Female labor participation rates (of age above 15 years old) historically hovered around 48 percent, while male labor participation was about 70 percent in 2004. We consider a case where the female labor participation increases by 5 percentage points, which is an ambitious but feasible goal. On the basis of the estimates from the all sample analysis, this would boost to inclusive growth by 0.83 percentage points, about two thirds of the base growth level. Similar to reducing labor market duality, the estimated impact is even larger when estimating with the working-age household sample. Inclusive growth is boosted by 1.13 percentage points, while both average growth and equity index growth are raised by 0.78 and 0.35 percentage points, respectively.
Labor input, measured by the man-hour, has been in decline since 1979, reaching negative growth at the national level since the 1990-1994 period. In our scenario analysis, we consider a rather conservative case in which reforms manage to shift the growth of labor input from negative to zero. In other words, our scenario assumes that the increase in the labor input just compensates for its natural decrease (i.e. population decline). At the stationary labor input level, inclusive growth would be 0.42 percent higher than the latest level in the 2000-2004 period, mostly derived from the average income growth. The relative magnitude of marginal effect is about one third of the latest level, making it a little less effective than achieving the inflation target or addressing dual labor market duality.
One important policy implication of our empirical analysis and of the scenarios presented here is that the best way for Abenomics reforms to foster inclusive growth, through both growth of average income and improvement in equity, is to fully implement structural reforms, i.e. fully launch the third arrow.
Our scenario shows that if only the first arrow is launched (i.e. if only the BoJ inflation target is achieved), then the growth in income level is confined to a certain level and there is some deterioration in income equality. The scenario analysis also shows that, as long as inflation reaches and stays around 2 percent, our overall measure of inclusive growth improves, because the “growth” effect of inflation is stronger than its “inequality” effect. In the case in which inflation stays around 2 percent and third arrow reforms (higher female labor participation, reducing duality, increasing labor input) are implemented, Abenomics increases average income growth while keeping inequality broadly unchanged (all household sample) or improving it (working-age household sample). Furthermore, our regression results and the technical discussion in Appendix C also suggest that, if monetary policy becomes overburdened because of lack of structural reforms, resulting in runaway inflation above the BOJ’s 2 percent target, overall inclusive growth (not only equality) will be reduced. Overall, the results of our empirical analysis and scenario analysis therefore support the argument that the best way for Abenomics to ensure gains in both growth and equity is to successfully launch the third arrow.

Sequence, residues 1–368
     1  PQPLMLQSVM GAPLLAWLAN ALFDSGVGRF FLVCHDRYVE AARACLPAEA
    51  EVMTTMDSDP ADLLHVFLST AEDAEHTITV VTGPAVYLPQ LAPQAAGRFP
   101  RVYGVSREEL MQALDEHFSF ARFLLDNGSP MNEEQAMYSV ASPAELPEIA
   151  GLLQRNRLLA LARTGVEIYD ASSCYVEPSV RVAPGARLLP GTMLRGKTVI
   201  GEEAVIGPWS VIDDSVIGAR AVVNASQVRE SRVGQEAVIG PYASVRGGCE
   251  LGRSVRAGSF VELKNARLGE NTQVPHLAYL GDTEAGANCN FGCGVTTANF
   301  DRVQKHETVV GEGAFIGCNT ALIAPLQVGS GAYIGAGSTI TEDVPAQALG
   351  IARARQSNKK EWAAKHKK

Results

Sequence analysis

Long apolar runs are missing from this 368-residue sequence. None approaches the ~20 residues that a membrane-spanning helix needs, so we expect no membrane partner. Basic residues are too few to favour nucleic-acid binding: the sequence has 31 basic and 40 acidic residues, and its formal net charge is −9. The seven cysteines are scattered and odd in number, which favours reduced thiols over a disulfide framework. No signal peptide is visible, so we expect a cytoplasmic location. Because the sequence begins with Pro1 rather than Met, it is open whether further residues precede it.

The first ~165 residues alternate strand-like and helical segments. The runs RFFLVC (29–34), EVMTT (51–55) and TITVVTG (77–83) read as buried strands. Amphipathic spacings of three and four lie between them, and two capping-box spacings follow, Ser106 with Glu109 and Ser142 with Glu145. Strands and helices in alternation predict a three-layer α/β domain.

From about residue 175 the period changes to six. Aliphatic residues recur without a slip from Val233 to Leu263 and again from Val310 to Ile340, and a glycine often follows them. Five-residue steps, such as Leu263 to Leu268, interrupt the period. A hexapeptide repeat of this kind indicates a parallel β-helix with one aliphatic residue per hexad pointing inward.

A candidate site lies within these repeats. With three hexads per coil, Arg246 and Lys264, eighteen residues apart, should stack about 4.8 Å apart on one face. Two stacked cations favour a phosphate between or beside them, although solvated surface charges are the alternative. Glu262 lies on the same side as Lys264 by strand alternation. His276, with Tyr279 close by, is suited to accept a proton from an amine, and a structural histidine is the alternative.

In this paper we argue that fully launching the “third arrow” of Abenomics, a complete package of structural reforms, is necessary to accomplish robust growth and inclusiveness. The Japanese authorities are implementing a series of policies to help Japan to permanently exit deflation, while also increasing potential growth. Our results show that, while achieving the 2 percent inflation target is expected to stimulate average income growth, it will also have a negative impact on income equality.
On the other hand, our results also suggest that structural reforms will contribute to both more robust growth and improved income equality. In particular, reducing labor market duality is expected to increase productivity and foster growth, with a small adverse effect on equality. The latter would be more than compensated by the effects of other reforms, such as increased female labor participation and overall labor supply growth, which are found to be effective in promoting both average income growth and income equality.
Furthermore, our regressions suggests that, if monetary policy becomes overburdened because of lack of structural reforms, resulting in runaway inflation above the BOJ’s 2 percent target, overall inclusive growth (not only equality) will be reduced.
Our analysis utilizes the prefectural variation in income distribution and other key variables over time. Therefore, one limitation of our empirical framework is that nation-wide shocks such as changes in consumption tax rates are not modeled explicitly, and alternative methods can benefit from using the inclusive growth measure in order to analyze the implications of nation-wide fiscal policies and provide complementary findings to our analysis.
Based on our analytical findings, our assessment of the inclusiveness of Abenomics is that, if all the arrows are fully launched, this policy framework can be effective in promoting both growth and income equality, therefore fostering inclusive growth.
|Income Deciles||Every 5 years, 10 thousands yen, 1975 price||National survey of family income and expenditure, Ministry of Internal Affairs and Communications (MIC)|
|Inflation rate||5-year average, %||CPI reports, MIC|
|Ratio of new job openings for part-time to full-time labor at job security office||5-year average, %||Public Employment Security Office|
|Female labor force participation ratio||5-year average, %||e-stat database, MIC|
|Growth of labor input in man-hours (workers * annual workhours / 1000)||5-year average, %||JIP Database, Research Institute of Economy, Trade and Industry|